The Gift of Receiving

Written by John Paul Carter on July 28, 2011

Here’s another inspiring article from our monthly guest columnist, John Paul Carter.  

Have you thought about what you give to and receive from others?

I’m often asked how it feels to have the same name as a Pope. My first answer is that it can be very unnerving.

The morning after Pope John Paul I died, I was awakened out of a deep sleep by my clock-radio announcing, “John Paul is dead.”

What a way to start the day!

One of my favorite quotations comes from the pen of Pope John Paul II: “Nobody is so poor that he or she has nothing to give, and nobody is so rich that he or she has nothing to receive.”

His words remind me of the importance of both giving and receiving.

As a child, one of the first Bible verses I memorized was Acts 20:35, in which Paul quotes Jesus as saying, “It is more blessed to give than to receive.” (This saying is not found in the four Gospels.)

I took those familiar words so literally that I grew up ignoring the corresponding significance of receiving.

As a result, I always tried to be the giver and felt awkward when I was the recipient of others’ gifts.

I felt more comfortable saying, “You’re welcome,” than saying, “Thank you.”

I became one of those frustrating people who answer, “Nothing,” when asked what they want for a birthday or Christmas.

Later, when the tables were turned and those I loved were resistant to revealing what gifts they wanted and needed, I began to re-examine the role of the receiver.

I discovered that our Lord was not only a generous giver; he was also a gracious receiver.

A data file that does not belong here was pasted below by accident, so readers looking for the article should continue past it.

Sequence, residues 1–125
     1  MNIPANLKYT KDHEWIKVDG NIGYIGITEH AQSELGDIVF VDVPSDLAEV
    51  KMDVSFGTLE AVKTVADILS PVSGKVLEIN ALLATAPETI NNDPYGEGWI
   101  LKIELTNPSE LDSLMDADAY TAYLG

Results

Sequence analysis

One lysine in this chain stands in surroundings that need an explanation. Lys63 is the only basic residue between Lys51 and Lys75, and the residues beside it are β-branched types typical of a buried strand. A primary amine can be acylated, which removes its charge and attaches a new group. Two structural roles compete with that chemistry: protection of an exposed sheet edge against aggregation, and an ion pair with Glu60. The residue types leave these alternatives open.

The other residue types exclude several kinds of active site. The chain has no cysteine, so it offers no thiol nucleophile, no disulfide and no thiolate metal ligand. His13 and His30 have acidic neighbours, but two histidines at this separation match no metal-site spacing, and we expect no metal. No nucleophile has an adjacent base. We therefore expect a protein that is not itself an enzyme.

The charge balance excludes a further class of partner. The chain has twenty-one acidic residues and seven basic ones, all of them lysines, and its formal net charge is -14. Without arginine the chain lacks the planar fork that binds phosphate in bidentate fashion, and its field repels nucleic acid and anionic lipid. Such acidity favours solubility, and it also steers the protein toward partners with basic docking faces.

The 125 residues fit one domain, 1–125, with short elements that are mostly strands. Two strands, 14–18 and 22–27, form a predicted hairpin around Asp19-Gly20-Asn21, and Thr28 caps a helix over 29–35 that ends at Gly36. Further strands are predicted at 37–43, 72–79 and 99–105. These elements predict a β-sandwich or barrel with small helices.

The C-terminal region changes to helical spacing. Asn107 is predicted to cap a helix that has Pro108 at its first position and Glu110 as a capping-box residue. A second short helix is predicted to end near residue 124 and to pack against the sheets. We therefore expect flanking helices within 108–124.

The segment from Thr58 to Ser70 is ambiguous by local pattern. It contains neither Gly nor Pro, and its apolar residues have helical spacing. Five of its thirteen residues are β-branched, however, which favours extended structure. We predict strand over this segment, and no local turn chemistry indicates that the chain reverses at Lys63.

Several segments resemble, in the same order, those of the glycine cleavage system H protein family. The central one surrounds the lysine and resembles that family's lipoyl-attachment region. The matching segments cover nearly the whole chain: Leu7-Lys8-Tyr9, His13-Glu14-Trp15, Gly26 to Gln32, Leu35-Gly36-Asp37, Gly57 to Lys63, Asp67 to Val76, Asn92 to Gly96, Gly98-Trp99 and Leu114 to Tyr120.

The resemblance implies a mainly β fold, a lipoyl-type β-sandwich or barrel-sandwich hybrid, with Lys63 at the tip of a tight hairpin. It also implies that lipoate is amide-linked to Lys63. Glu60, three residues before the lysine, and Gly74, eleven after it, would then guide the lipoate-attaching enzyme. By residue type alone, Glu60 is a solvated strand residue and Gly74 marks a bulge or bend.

Early in his life, his parents received the gifts of the Magi, which probably financed the family’s flight to the safety of Egypt.

Later, when a lad offered him his lunch of loaves and fish, Jesus blessed it and fed the multitude.

And in the last week of his life, when Mary bathed his feet with her perfume and tears, Jesus received her lavish gift, praised her, and defended her against her critics.

Receiving is as important as giving, Henri Nouwen says, “Because by receiving we reveal to the givers that they have gifts to offer…We make givers aware of their unique and precious gifts. Sometimes it is only in the eyes of the receivers that givers discover their gifts.”

If we only view the gift as a material object, we may miss the care and love that it represents.

Though the gift itself might seem insignificant, too lavish, or inappropriate, it is a part of the one who gives it.

By valuing their gift, we value the giver.

And when we receive gifts, we are in the presence of our own needs and limitations.

By receiving, we acknowledge our own dependence on and connectedness to the other persons in our lives.

Out of receiving, the gift of humility is born.

And humility and need make grace–the greatest of all gifts–a possibility!

 

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